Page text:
IT IS COMMONLY understood by traditions across the world that ceremonies associated with sacred sites play a central role in energising these places of potency. They bring the community together at key moments in the ecological calendar: the planting season when the first rains come, the harvest season to give thanks, rain-calling ceremonies, and so on. In so doing they maintain the order of the human community in its relationship to the wider Earth Community. Children learn to respect the Earth, her cycles, the knowledge holders, and the roles and relationships in society and with Nature. Respect is understood as a way of being.
Sacred natural sites for most traditional societies are thus at the heart of their ecologically centred governance systems. By reinstating the role and potency of sacred places, order is brought back to both the territory and the human community. This order is the foundation of resilience, which is an essential characteristic especially required at a time of crisis and instability. The role of ecosystems and biodiversity in maintaining the Earth’s climatic, hydrological and energetic equilibrium is one of the central laws that knowledge of sacred sites teaches. These sites are also essential in traditional practices related to climate mediation.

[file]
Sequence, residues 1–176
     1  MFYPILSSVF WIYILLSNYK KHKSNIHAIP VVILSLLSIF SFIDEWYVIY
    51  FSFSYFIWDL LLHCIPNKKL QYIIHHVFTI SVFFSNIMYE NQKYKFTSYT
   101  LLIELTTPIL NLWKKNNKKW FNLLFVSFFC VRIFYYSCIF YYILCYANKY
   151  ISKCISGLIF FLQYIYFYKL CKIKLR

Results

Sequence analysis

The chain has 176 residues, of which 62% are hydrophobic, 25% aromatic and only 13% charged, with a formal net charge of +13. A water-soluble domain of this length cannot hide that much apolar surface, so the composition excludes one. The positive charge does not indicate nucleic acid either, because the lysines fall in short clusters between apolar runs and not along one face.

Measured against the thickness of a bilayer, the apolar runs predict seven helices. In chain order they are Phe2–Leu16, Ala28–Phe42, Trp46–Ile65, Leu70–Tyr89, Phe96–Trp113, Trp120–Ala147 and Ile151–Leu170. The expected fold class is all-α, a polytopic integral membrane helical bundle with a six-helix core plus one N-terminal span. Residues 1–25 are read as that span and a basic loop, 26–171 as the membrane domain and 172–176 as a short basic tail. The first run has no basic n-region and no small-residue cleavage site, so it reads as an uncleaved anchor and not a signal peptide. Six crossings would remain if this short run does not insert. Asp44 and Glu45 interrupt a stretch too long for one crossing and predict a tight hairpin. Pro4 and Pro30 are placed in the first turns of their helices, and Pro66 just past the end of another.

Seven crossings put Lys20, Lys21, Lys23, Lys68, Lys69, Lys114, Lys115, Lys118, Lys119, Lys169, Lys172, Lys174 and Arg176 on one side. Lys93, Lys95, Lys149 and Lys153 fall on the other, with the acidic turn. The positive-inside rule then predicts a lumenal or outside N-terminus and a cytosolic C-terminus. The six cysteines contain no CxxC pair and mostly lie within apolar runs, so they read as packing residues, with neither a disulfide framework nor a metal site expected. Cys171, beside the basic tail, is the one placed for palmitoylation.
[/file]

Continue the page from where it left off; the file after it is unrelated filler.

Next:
As the breakdown of global economic and trade systems deepens, so the opportunities grow for rethinking and re-ordering the chaos that has been created at every level of human and Earth relations. Cultural historian Thomas Berry foresaw that the collapse of industrial civilisation was imminent and inevitable, as is the case for any society that destroys its life support system. The biggest challenge we face, however, is to shift from an anthropocentric worldview to a more Earth-centred understanding of life. These last few hundred years have removed us from our ecological embeddedness so that we no longer recognise our total dependency on the Earth. Our obsession with human-created ideas, things and places removes us from this reality.
This is why Berry advises us that our two sources of inspiration are the Earth, as the primary giver of life, and Indigenous traditions, which hold the memory of our origins and our role in the web of life. Our challenge is to reconnect with our own Indigenous path – in other words, with our own origins and the inherent laws that govern life in the place where we live. This is the only true reality. When human-created ideas and objects fall away, what is left is the need for meaning, food, warmth and community – both the human and the Earth Community.
THE CRISIS WE face gives us this opportunity – or rather imperative. Now is a time to return to the first principles of life. Let us refer to the perennial wisdom in each of our own traditions, where we will find resonance with other cultures. And, as we are rapidly learning, there are limits to our self-centred hubris, and the Sacred Earth ultimately has the last call. There are non-negotiable limits beyond which we cannot go. Humility, respect and the willingness to learn from universal principles that have outlived the industrial path by multiple centuries are surely the first steps in the journey to finding our way back to an authentic, meaningful, healthy and nonviolent life.
Given the commonly held experience of sacred places as potent energetic centres of governance, learning and transformation within the sacred body of the Earth, we can – with the required attitude of humility, respect and willingness – befriend a sacred place near home and discover what it has to teach us.